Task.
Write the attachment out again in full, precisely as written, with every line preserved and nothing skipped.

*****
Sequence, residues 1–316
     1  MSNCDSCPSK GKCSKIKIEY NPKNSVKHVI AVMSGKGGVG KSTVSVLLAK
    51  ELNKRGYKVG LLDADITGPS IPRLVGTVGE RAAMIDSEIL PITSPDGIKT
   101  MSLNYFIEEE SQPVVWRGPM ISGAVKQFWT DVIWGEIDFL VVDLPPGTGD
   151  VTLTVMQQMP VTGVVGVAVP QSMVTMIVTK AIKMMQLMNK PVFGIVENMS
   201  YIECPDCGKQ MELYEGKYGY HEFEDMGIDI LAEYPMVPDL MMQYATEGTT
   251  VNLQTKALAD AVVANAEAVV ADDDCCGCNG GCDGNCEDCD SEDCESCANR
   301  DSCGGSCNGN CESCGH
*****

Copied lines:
Sequence, residues 1–316
     1  MSNCDSCPSK GKCSKIKIEY NPKNSVKHVI AVMSGKGGVG KSTVSVLLAK
    51  ELNKRGYKVG LLDADITGPS IPRLVGTVGE RAAMIDSEIL PITSPDGIKT
   101  MSLNYFIEEE SQPVVWRGPM ISGAVKQFWT DVIWGEIDFL VVDLPPGTGD
   151  VTLTVMQQMP VTGVVGVAVP QSMVTMIVTK AIKMMQLMNK PVFGIVENMS
   201  YIECPDCGKQ MELYEGKYGY HEFEDMGIDI LAEYPMVPDL MMQYATEGTT
   251  VNLQTKALAD AVVANAEAVV ADDDCCGCNG GCDGNCEDCD SEDCESCANR
   301  DSCGGSCNGN CESCGH